The wine world mourns a legend. Last weekend, Becky Wasserman-Hone, the iconic importer of Burgundian wine, died of a chronic respiratory illness.
Wasserman had an outsized impact on the wine industry as a whole, and Burgundy in particular. Known for her caring, motherly touch, championship of lesser-known Burgundian domaines and unflinching integrity, Wasserman popularized the authentic tastes and terroir of Burgundy.
In 1968, American-born Wasserman moved to the small Burgundy village of Bouilland, near Beaune. Her foray into wine began as a barrel broker for the François Frères Cooperage in Burgundy in 1976. She realized that she wanted to work more with wine itself, so she established her own import company, Le Serbet, named for one of the fields in Bouilland. (It’s now Becky Wasserman & Co.)
At Le Serbet, she was known for her selection and championing “the little guys,” according to Allen Meadows, a longtime friend and founder of Burghound.com.
“In baseball, there’s a term called ‘small ball,’ and instead of going for the home run, you do a lot of singles,” says Meadows. “She took little growers and enabled them to have a platform…It was a stroke of genius. It’s what I set out to do myself, and I was partially inspired by her. Now everyone looks for small growers because no one was doing it before Becky.”
Meadows met Wasserman in 1997 and rented one of the small homes on her property for 16 years, spending five or six months of the year there.
“She seemed to always give more than she got, and always tried to give a helping hand,” says Meadows. “That’s probably her enduring legacy in the greater wine world.”
Daniel Johnnes, sommelier and founder of La Paulée de New York, a weeklong celebration of Burgundy’s wines, calls Wasserman a “trailblazer as a young woman in the late ’60s… in a field dominated by men.”
One of the most enduring stories about Wasserman’s early days at Le Serbet illustrates her commitment to her community. One of her distributors went bankrupt but Wasserman wanted to ensure that she made good on her obligation to pay her growers, so she mortgaged her house. That display of integrity cemented her reputation in the industry.
“She successfully earned the trust of many of the finest vignerons in France, not an easy thing to achieve for the best of us, and Becky earned it every day by running a business with honor,” says Harmon Skurnik, president of Skurnik Wines & Spirits. “She has long set a good example for companies like ours, who came along later, demonstrating that one’s name on the back label can stand for quality and integrity. There is no doubt that the wine world—and the world in general—are better places because of the long and successful life and career of Becky Wasserman.”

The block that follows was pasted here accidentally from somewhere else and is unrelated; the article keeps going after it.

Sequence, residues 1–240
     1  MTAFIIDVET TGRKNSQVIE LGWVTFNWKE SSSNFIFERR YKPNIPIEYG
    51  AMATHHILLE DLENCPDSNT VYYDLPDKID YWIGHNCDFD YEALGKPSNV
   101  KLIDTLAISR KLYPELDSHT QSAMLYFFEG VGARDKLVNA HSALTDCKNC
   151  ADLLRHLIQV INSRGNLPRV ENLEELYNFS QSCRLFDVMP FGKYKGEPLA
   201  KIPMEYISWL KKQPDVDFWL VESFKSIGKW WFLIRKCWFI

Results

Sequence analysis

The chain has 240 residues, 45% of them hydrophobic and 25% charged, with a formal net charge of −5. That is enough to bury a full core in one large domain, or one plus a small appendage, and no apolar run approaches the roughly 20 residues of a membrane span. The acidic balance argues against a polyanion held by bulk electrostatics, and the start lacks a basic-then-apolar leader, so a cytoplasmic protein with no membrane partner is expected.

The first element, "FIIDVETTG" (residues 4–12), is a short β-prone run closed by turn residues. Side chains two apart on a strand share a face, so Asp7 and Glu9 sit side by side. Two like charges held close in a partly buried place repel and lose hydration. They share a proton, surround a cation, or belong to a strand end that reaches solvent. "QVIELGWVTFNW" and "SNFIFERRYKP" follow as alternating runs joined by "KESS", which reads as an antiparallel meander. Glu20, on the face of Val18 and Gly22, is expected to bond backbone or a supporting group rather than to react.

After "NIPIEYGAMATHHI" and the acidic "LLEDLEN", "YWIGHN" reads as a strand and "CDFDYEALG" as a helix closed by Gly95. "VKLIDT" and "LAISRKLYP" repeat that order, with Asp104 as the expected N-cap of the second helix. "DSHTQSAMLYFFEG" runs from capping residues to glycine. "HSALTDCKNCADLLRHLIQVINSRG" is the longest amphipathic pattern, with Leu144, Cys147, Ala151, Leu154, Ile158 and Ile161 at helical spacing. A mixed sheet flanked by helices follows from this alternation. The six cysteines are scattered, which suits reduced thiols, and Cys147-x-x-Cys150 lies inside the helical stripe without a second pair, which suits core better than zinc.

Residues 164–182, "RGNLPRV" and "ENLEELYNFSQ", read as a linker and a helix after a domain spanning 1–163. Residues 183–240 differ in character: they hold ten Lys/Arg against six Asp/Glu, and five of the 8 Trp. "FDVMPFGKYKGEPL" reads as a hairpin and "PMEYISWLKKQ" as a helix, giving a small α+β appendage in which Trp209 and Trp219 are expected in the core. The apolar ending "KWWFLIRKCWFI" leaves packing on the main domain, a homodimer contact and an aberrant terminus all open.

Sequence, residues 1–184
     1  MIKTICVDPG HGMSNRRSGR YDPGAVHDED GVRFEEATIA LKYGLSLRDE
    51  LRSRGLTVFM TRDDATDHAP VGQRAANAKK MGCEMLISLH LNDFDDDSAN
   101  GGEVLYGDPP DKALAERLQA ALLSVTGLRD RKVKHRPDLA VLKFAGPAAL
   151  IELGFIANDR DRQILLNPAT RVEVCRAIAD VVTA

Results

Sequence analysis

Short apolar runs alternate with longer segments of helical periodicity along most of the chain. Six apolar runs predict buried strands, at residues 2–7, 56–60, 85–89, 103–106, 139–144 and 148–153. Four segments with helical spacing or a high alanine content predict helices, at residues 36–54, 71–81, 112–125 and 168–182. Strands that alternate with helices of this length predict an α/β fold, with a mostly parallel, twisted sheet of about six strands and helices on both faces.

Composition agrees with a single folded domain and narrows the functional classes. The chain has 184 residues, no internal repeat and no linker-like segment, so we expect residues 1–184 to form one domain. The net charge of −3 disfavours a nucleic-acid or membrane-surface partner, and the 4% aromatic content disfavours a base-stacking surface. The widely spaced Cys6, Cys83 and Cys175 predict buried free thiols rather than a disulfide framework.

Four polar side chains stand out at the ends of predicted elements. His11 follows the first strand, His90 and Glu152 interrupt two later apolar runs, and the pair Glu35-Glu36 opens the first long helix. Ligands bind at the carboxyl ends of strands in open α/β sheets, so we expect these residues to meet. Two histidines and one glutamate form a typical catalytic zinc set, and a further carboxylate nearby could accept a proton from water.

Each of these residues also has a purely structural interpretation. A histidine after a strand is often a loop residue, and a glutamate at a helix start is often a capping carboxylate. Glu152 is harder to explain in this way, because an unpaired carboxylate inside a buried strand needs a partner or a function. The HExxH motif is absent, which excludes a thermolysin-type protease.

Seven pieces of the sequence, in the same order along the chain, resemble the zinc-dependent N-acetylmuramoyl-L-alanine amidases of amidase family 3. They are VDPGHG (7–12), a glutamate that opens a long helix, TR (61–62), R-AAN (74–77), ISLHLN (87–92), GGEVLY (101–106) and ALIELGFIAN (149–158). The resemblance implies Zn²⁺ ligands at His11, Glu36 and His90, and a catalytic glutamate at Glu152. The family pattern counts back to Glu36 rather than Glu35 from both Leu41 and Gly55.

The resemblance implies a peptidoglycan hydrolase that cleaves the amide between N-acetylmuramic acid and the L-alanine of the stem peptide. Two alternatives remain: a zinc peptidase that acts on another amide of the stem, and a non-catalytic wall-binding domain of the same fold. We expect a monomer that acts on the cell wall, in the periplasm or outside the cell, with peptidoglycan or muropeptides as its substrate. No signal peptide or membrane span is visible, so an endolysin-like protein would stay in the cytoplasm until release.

“The impact of her work was felt far and wide in just about every corner of the globe where people enjoy fine wine.” —Michael Skurnik, Skurnik Wines & Spirits
Michael Skurnik, CEO of Skurnik Wines & Spirits, shares Harmon’s esteem.
“I have known and admired Becky for nearly 40 years,” he says. “Her contributions to the wine world are legendary. As she was a tireless promoter and lover of wine, the impact of her work was felt far and wide in just about every corner of the globe where people enjoy fine wine. Becky’s presence will be sorely missed by so many.”
Her work impacted generations of wine professionals, Johnnes says.
“Later in life, Becky became a beacon and a mentor to scores of young people enthusiastic to learn about Burgundy.”
Master Sommelier Andrea Immer Robinson agrees, calling Wasserman a mentor, connector and “humble trailblazer.”
Wasserman’s famously immersive, weeklong Burgundy deep dives, dubbed the “Bouilland Symposia,” brought Burgundian vignerons, experts and aspiring vintners together to introduce and teach wine lovers the way of Burgundy through vineyard walks, cellar visits and convivial gatherings around the table.
“The connection between Becky Wasserman and Burgundy was, and is, not a one-sided relationship,” says Ian Downey, executive vice president at Winebow Imports. “Both were profoundly changed by the introduction to the other… and the wine world is better for it. Her influence on Burgundy’s ever-evolving story is not likely to be fully understood by any one person, but I’d imagine she’d be ok with that.
“Collectively, the international wine community celebrates her influence and dedication.”
Wasserman is survived by her two sons, Peter and Paul Wasserman, and her husband, Russell Hone.